Bone Augmentation—SOTAL
World Small Animal Veterinary Association World Congress Proceedings, 2001
Peter Emily
United States

Peter Emily

State of the Art Lecture

Peter Emily, DDS, AVDC, AVD

Doctor of Dental Surgery, The Creighton University, Omaha, Nebraska; Certificate of Periodontology, University of Pennsylvania; Post Graduate Certification, Dental Division, Denver General Hospital in Pediatric Dentistry; Post Graduate Certification, Dental Division, Denver General Hospital in Endodontics and Oral Surgery; Director of Animal Dentistry, Colorado State University, School of Veterinary Medicine; Director of Exotic Animal Dentistry, Denver Zoological Gardens

Fellow of the Academy of Veterinary Dentistry

Diplomate American Veterinary Dental College (hon.)

Dental consultant American Kennel Club; author and co-author of three veterinary dental text books and multiple dental publications and manuscripts; primary presenter of veterinary dentistry for the past twenty years throughout the USA, Europe, Australia, New Zealand, and Japan; extensive research and development of veterinary dental medicaments and oral health aids.

The American Veterinary Dental College presents two annual awards to outstanding contributors to veterinary dentistry. These awards are named “The Peter Emily Awards.”

American Animal Hospital Association Award of Merit recipient 1992.

The success of bone augmentation in periodontal therapy has advanced at an accelerated rate in the past few years. Successful bone regeneration in periodontal pocket formation is an expected reality.

Obligate symptoms of periodontitis are inflammation, true periodontal pocket formation and bone resorption. These symptoms occur in varying degrees, with varying degrees of bone loss.

Pocket formation advances with the severity of periodontal disease. Pocket formation advances from pocket formation with attachment loss and proliferating pocket epithelium with beginning crestal bone loss to vertical or horizontal bone loss that extends beyond the alveolar crest.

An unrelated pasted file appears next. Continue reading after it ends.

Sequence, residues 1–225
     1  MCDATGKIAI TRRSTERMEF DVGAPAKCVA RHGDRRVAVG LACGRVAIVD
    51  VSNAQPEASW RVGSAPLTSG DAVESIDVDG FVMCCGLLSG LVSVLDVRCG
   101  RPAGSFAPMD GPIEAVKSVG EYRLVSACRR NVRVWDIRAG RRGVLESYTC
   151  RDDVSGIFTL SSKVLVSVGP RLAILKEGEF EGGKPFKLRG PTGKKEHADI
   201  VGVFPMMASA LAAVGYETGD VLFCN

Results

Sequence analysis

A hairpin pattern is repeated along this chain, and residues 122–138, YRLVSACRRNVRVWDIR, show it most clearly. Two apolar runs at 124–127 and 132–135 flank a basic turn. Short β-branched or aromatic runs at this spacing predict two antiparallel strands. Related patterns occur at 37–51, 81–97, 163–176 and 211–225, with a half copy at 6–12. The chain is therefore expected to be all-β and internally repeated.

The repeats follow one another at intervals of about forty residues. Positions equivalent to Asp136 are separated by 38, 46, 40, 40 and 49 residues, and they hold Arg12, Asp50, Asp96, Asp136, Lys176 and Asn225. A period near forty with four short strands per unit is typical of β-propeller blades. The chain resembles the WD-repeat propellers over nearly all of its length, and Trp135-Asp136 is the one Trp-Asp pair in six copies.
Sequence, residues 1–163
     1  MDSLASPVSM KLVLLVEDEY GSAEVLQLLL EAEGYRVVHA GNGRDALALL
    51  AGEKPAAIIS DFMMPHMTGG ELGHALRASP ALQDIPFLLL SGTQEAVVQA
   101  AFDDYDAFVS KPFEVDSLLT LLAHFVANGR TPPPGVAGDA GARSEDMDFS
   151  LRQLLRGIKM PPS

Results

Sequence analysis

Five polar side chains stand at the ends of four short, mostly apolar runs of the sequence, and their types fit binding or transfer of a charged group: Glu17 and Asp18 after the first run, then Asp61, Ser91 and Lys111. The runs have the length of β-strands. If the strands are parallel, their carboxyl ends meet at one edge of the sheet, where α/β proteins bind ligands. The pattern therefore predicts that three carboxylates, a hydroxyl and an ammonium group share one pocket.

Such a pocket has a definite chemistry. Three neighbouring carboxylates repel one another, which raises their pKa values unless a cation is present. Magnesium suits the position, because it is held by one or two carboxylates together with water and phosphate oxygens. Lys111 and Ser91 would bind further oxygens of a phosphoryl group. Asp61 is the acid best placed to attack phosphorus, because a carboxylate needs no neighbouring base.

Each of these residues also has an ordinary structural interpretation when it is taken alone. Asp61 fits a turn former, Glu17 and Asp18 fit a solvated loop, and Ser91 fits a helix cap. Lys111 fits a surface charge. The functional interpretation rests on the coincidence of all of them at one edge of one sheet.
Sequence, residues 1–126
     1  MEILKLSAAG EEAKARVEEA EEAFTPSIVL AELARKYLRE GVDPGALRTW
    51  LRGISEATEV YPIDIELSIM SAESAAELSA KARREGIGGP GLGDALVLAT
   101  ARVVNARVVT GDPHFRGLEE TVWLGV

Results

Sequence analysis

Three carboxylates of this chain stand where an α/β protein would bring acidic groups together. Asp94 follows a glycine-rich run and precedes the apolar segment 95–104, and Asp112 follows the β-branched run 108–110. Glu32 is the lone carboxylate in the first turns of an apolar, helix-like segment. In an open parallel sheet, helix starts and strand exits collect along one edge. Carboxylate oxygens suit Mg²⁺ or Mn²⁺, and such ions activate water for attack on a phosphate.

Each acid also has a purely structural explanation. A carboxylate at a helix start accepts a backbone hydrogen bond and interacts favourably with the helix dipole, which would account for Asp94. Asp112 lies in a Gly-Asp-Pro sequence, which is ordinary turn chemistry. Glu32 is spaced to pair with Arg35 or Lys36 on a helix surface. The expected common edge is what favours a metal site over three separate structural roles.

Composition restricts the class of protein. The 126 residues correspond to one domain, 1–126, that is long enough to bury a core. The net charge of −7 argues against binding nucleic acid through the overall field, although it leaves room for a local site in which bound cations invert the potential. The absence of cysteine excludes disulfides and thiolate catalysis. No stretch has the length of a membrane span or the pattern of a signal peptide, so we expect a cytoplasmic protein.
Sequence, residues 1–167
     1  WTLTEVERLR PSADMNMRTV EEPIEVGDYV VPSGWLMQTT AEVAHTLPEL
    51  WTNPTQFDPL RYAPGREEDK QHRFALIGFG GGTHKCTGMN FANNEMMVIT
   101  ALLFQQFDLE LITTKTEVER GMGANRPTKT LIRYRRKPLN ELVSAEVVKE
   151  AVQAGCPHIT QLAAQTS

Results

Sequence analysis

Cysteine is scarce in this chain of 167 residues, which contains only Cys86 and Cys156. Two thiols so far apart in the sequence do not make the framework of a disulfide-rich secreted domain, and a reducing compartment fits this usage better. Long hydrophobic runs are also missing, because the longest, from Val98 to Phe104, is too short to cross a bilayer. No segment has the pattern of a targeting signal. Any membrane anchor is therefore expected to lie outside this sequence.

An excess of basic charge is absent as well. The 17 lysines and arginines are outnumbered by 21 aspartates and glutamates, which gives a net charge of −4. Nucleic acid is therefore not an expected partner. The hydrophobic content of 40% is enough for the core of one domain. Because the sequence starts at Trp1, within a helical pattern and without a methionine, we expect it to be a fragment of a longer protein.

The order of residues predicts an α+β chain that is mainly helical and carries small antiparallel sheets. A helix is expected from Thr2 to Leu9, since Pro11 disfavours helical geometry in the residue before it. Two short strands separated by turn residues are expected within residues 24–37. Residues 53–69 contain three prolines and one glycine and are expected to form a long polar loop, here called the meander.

There are basically two types of bone loss seen in advanced periodontal disease: vertical and horizontal. Vertical bone loss is seen in infrabony pocket formation. The depth of the pocket is apical to the crestal height of bone. Horizontal bone loss has virtually no pocket formation with a uniform lowering of crestal bone.

Infrabony pockets (infra-alveolar vertical bone loss) exhibit various forms in relation to the infected bone. The osseous defects are classified as: three wall bony defect, bordered by three osseous surfaces and one tooth surface; two wall bony defect, bordered by two osseous walls and two tooth surfaces; one wall bony defect, bordered by two tooth surfaces and one osseous wall; and combined bony defect (cup), bordered by several surfaces of tooth and several of bone. Successful bone fill is greatest with three wall pockets followed by two wall and then one wall and cup.

Bone augmentation materials are classified as osseous conductive and osseous inductive. Osseous inductive bone or bony substitutes take part in the formation of new bone, whereas osseous conductive materials provide a scaffold or trellis for bony regeneration without taking part in bone formation itself.

Osseous inductive material in the past has generally been autologous bone transplants. That is, bone harvested from the host and implanted into the prepared bony defects. This results in very successful bone augmentation. However, host bone is not always attainable, hence the use of new augmentation materials has been developed.

Most osseous conductive materials have been forms of ceramics, glass, or hydroxyapatite serving as scaffolding mechanisms for bone growth. The use of dematerialized, freeze-dried, or radiated bovine and human bone is still a widely used osseous conductive agent with some claims of osseous induction results.

Bone Morphogenic Proteins (BMPs) are one of the advancements in bone augmentation. They are combined with dematerialized bone allographs producing increases in cementum and bone. BMPs produce multiple effects by acting as mitogens on undifferentiated mesenchymal cells and osteoblast precursors. They induce the expression of the osteoblast phenotype increasing alkaline phosphatase activity in bone cells.

There seems to be an endless variety of new osseous conductive materials currently available. The following products and their application and efficacy are some of the recommended materials, but not the only material available for veterinary periodontal therapy:


Has been promoted for use in veterinary dentistry within the past four years. Emdogain is an enamel matrix protein harvested from porcine primary dentition. It has shown the ability to increase levels of Transforming Factor-Beta 1 and Platelet-derived Growth Factor.